This year, the Los Angeles Lit Crawl — one of the city’s most significant literary events — fell on October 25, the exact centenary of the October Revolution according to the old Julian calendar. That may have been a coincidence, but the Los Angeles Review of Books (LARB) has seized the opportunity, making “Revolution” the theme of its August 2017 issue.
For most Americans, this historic anniversary will likely pass unnoticed, despite the country’s very real apprehensions about Vladimir Putin’s regime and Russia’s interference in the 2016 presidential elections. Such is the selective focus of the average news consumer.
But for many Soviet and post-Soviet immigrants — both in California and around the world — that day 100 years ago was the catalyst for a winding chain of events that precipitated their emigration.
One such immigrant is Boris Dralyuk, LARB’s resident lyrical soul, a capable interpreter of seemingly ineffable Russian literary voices, and a frequent contributor to The Odessa Review. For LARB’s LitCrawl evening, Dralyuk chose to read translations of Marina Tsvetaeva’s “Night.—Northeaster” and Mikhail Gerasimov’s “Iron Flowers.” Both poems were included in his 2016 collection 1917: Stories and Poems from the Russian Revolution, published by Pushkin Press just in time for the revolution’s anniversary. Even for readers unfamiliar with this literary period, the turmoil, feverish excitement and gathering darkness of the October Revolution comes through clear and crisp in these poetic translations.
Other readings that night, as well as selections in the LARB’s new issue, were less on the nose, offering a kaleidoscope of views on the meaning of revolution: the naive rebellions of children and teenagers; protagonists at the brink of finally defending their beliefs, even at the cost of great personal upheaval; and reflections on historic revolutionary events experienced firsthand. Revolutions — whether societal or personal — are always traumatic, and these writers did not shy away from that. But revolutions also represent the hope of arriving at a new, better state.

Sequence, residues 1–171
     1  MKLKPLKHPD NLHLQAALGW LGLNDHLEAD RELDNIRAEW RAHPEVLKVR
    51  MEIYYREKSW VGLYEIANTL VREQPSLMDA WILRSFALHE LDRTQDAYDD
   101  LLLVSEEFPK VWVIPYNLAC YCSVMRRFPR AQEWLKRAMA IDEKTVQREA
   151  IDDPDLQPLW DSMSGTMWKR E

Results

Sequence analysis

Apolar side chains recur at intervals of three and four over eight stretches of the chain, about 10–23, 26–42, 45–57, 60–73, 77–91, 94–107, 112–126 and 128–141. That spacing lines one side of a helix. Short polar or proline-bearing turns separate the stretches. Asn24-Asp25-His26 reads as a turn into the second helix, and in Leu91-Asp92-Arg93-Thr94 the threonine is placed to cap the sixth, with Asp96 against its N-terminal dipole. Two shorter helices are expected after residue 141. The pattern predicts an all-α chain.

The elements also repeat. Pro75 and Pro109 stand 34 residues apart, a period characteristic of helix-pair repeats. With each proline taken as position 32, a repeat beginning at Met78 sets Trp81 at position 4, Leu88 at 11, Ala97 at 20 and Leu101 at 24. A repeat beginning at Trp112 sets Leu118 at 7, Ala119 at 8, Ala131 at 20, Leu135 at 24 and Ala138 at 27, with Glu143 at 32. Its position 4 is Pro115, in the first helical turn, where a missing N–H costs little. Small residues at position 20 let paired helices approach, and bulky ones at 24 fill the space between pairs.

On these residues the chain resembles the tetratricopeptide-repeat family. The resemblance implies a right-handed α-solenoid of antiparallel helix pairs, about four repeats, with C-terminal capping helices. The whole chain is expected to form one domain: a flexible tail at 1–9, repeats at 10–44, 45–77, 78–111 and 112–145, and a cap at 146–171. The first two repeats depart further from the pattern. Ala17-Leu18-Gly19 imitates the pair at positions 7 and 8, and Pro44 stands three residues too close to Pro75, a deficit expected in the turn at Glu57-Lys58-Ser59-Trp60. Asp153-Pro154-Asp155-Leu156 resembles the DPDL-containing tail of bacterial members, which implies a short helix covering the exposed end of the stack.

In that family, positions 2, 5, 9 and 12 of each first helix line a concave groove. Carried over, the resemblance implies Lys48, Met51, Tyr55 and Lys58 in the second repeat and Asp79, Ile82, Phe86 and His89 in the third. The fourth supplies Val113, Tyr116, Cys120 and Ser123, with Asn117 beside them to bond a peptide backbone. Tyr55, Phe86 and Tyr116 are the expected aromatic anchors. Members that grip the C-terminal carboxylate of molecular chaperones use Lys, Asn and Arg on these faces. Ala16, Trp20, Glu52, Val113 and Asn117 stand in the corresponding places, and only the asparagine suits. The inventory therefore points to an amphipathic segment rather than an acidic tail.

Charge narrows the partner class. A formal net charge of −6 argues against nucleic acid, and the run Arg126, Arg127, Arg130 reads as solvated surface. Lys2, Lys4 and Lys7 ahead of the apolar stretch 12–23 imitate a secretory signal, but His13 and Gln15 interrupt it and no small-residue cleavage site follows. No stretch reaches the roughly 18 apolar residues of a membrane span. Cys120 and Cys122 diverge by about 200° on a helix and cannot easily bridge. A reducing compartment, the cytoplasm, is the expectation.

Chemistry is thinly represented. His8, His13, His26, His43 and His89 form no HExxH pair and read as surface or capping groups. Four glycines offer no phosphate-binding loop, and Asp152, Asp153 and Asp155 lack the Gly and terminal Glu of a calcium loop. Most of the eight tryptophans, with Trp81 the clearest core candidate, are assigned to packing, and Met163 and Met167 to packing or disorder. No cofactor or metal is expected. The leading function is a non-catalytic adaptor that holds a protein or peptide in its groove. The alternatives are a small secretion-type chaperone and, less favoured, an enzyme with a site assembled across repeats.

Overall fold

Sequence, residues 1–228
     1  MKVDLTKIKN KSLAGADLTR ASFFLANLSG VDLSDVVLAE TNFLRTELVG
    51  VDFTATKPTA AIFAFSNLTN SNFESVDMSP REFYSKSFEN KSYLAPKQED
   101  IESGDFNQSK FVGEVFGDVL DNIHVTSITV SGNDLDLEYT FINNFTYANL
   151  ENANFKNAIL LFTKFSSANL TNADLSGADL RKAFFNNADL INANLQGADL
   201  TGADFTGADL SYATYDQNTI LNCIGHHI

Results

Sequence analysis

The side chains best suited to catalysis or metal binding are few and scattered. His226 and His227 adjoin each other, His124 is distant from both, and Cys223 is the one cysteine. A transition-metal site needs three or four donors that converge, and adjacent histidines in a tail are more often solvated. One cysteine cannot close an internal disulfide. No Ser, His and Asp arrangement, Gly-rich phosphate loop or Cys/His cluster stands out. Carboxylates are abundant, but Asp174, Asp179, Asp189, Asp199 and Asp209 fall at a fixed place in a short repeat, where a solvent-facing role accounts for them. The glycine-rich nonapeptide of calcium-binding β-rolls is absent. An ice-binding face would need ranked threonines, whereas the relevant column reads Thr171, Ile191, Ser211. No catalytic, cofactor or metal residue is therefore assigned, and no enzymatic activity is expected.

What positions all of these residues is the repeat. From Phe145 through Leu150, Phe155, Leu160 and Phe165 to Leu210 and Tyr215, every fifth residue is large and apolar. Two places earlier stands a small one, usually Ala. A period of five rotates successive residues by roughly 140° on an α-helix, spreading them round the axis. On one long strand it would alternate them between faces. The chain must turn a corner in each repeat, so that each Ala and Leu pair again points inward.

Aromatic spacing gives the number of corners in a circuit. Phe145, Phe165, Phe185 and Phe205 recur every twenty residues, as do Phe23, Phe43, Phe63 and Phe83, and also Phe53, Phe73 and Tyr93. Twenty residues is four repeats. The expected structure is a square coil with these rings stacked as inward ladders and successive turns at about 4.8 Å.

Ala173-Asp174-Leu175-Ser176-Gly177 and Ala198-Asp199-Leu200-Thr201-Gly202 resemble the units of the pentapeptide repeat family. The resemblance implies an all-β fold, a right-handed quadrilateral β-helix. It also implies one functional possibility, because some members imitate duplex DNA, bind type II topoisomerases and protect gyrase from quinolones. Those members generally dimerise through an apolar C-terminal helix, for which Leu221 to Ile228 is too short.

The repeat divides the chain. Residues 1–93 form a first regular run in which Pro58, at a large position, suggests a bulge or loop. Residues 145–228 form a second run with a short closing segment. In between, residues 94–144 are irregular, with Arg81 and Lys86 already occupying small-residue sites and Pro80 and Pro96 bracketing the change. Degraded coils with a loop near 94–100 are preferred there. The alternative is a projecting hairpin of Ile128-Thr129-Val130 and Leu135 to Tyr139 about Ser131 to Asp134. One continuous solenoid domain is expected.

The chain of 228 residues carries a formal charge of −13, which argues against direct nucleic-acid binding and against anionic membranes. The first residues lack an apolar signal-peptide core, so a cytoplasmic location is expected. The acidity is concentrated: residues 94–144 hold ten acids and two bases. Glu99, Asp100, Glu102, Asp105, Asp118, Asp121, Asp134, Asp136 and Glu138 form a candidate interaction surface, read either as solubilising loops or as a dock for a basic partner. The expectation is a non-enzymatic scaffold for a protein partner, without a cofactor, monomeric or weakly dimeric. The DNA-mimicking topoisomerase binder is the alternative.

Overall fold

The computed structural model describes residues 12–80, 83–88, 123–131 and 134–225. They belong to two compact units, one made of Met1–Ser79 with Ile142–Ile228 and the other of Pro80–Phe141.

Interestingly, the word revolution does not actually signify permanent linear change — as evolution or provolution could, for example. Instead, it describes a cyclical motion, like the movement of the heavenly spheres. As a result, it seems to indicate that any change will inevitably be followed by its eventual reversal. Round and round we go.
That may be an accurate description of history’s natural course, but it is a poor consolation to those living through revolutions and their aftermath. The excitement of changing the world order appears merely an ephemeral fantasy. And yet, change does happen, both through our efforts and in spite of them.
Today, in our “post-everything world,” very little can feel like a complete overturn of entrenched beliefs. We now live in a state of increasingly wonder-less technological and social change. Today’s revolutions are seldom the result of ideologies colliding. Rather, they are bloodshed brought about when a nation is re-carved by predators fighting among themselves. The romance appears to have gone from the revolutionary aesthetic — although perhaps it should never have been attached to something that has cost so many lives, both literally and spiritually.
Regardless, for those whose daily realities, even now, are significantly affected by these distant events, it is an especially poignant moment to look back, take stock of the tumultuous past century, and look forward with a deeper gratitude.